A new massage studio is raising, rather than relieving, stress about the direction of downtown Haddonfield.
The Chinese Tai Ji Center is preparing to open at 144 Kings Highway E., a storefront left vacant after the Haddonfield Running Co. stepped across the street to larger quarters.
While the whole notion of massage therapy can still raise a few eyebrows, even in holistic Haddonfield, the main concern among many downtown boosters is how best to preserve the primacy of retail.
"That it's a massage business doesn't matter. What does matter is, it's another personal service business," says John LaProcido, chairman of the borough planning board, which last month established a seven-member subcommittee to study Haddonfield's land-use ordinance.
Says board member and borough Commissioner Edward F. Borden Jr.: "We may want to have some restrictions along Kings Highway."
That historic thoroughfare, and adjacent commercial blocks of Haddon Avenue and Tanner Street, currently host about 120 businesses.
Of them, 22 percent are personal service establishments such as banks, salons, and dry cleaners; a study by the borough's downtown consultant puts the ideal proportion for Haddonfield at 10 to 15 percent.
"What we're looking at is, 'What should be the balance of personal service vs. retail vs. food businesses?'" says subcommittee member Lisa Hurd. She's also the retail coordinator of the Partnership for Haddonfield, the downtown business improvement district.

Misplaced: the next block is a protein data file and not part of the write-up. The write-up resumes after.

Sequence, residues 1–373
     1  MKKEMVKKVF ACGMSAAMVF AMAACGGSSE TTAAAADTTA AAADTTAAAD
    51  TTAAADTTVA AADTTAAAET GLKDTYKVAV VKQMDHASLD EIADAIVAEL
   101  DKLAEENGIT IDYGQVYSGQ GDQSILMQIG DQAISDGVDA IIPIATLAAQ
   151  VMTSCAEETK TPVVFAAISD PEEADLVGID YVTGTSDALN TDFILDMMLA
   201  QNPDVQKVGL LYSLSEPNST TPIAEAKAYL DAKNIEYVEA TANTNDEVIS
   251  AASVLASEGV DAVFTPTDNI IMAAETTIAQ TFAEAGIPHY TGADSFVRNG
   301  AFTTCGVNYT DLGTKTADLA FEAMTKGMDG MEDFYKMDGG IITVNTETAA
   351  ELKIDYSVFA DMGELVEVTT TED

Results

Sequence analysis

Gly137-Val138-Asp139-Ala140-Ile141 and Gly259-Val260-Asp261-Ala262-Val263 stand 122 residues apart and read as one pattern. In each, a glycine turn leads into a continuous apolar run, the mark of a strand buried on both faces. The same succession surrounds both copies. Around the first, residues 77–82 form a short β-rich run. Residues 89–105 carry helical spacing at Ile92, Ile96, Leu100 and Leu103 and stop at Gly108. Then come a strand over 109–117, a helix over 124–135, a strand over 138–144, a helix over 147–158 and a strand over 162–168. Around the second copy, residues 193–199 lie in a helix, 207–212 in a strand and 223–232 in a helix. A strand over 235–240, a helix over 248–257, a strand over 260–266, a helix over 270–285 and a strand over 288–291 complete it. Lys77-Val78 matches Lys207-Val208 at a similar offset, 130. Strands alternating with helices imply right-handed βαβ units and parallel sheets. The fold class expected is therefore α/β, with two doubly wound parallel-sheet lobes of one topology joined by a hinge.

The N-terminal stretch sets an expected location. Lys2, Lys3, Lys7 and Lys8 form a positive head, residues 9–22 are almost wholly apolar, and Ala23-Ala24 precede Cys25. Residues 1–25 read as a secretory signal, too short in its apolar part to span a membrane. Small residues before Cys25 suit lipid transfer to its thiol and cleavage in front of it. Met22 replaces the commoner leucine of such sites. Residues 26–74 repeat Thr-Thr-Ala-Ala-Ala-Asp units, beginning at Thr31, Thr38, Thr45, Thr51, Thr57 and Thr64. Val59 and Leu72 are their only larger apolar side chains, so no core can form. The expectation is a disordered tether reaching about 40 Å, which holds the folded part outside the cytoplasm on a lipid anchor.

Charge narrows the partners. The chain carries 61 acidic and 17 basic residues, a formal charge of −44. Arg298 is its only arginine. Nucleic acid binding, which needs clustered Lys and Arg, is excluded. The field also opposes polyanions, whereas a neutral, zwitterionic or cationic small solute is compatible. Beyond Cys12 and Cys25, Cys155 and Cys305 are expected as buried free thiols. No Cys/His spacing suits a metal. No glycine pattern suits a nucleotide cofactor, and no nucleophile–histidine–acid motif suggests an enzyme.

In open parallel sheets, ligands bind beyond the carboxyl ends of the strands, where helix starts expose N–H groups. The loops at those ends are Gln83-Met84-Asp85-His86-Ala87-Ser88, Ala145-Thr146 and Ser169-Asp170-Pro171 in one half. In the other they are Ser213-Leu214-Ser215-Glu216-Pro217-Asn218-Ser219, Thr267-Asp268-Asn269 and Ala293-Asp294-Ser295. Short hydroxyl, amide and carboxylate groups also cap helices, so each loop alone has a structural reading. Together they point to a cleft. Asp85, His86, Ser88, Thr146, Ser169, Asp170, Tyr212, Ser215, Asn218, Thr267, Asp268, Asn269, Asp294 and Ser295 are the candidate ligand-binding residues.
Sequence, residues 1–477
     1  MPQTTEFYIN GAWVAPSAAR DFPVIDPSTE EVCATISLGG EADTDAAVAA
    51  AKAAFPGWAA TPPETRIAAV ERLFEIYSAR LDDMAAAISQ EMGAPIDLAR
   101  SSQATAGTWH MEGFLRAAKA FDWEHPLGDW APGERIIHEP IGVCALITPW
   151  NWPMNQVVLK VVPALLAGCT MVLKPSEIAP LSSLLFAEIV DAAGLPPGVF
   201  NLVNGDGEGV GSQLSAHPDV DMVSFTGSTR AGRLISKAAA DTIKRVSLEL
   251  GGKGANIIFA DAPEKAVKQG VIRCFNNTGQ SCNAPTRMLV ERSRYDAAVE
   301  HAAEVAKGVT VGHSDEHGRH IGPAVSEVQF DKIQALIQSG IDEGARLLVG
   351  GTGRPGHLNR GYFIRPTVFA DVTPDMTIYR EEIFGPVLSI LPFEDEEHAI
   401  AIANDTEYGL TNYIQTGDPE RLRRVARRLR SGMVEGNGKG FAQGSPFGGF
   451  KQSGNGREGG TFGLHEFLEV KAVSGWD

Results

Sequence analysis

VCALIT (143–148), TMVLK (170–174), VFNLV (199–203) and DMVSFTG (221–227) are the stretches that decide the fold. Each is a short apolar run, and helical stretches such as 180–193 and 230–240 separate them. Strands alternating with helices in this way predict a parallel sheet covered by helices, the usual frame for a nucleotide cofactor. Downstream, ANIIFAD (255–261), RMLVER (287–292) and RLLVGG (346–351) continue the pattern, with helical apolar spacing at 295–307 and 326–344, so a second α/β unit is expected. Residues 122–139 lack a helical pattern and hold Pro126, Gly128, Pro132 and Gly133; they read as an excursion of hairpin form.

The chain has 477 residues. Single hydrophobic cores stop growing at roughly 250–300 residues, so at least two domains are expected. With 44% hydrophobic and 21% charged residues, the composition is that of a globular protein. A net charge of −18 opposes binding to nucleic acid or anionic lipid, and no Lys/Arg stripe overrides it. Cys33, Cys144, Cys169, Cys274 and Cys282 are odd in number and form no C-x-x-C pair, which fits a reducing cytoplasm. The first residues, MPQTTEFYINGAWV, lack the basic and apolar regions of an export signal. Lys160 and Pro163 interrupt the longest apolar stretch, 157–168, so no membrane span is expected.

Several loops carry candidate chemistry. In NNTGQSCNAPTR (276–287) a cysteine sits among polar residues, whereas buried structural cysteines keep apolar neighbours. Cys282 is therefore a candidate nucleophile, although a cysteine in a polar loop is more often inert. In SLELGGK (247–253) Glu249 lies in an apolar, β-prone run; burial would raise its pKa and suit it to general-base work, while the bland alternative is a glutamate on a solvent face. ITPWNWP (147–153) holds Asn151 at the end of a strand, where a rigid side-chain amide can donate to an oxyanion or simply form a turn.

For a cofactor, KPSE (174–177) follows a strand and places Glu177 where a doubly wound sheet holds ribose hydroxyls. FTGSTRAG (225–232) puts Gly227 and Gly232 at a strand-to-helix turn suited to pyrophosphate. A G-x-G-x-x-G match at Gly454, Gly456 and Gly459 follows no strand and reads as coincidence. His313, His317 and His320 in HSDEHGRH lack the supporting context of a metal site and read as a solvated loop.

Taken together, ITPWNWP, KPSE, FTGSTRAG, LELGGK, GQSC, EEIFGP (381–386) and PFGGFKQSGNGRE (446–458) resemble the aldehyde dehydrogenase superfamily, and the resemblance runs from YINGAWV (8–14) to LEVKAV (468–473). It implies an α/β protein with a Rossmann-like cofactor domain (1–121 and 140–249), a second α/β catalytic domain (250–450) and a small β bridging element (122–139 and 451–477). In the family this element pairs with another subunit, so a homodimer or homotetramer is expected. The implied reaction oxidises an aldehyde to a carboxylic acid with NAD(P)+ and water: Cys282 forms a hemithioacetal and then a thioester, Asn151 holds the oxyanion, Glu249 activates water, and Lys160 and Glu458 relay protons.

Hurd says services tend to generate less foot traffic than stores or restaurants. And space downtown "is not unlimited," she notes.
Several business owners - none of whom want to speak on the record - all tell me they're surprised the borough gave a green light to the massage center.
Permission was granted after the applicant, Ping Lu of Philadelphia, met conditions for such things as parking and waste disposal, according to Borden.
"We did not have grounds to deny the application," LaProcido says. "We are not out to be prejudicial to any [applicant] . . . but we do have a responsibility to make sure our land-use ordinance is forward looking. We've already exceeded the benchmark for personal service businesses, and, we're adding another one."
The concern has "a certain degree of merit. . . . You can lose the retail flavor," says Gerald Levin, a downtown property owner who will be Lu's landlord.
But Levin, who owns office as well as retail buildings in Haddonfield, insists that "less traditional" establishments also have their place. And the long-term issue for downtown is less the business mix than the limited amount of customer parking, he says.
I knock on the massage center's front door and find Lu inside, chatting with workers who are finishing a row of massage rooms along a long corridor.
The owner is friendly but appears to speak about as much English as I do Mandarin. A worker graciously attempts to act as a translator, but I'm not sure how much we understand each other either.
The man, whose name is Guoquiang Mei, tells me the business will be open next week. The paper-covered display windows have inspired curiosity; others have knocked, too.
"I tell them" about the massage center, Mei says.
Lu makes sure I leave with a brochure; all services are $1 per minute and include Swedish and deep tissue massage, reflexology, and acupressure. "We can help," the brochure says.
As it happens, I already have my own (excellent) professional massage therapist.
Since I also like dining, enjoy shopping, and require haircuts regularly, I'm all for having these goods and services available in a distinctive, walkable, pleasant place like downtown Haddonfield.
But I also understand why the borough doesn't want its lively commercial district to morph - however slowly - into a strip of spas, nail salons, medical offices, and martial arts schools.
These are perfectly fine enterprises. But they're hardly the building blocks of the regional shopping and dining destination Haddonfield is working hard to become.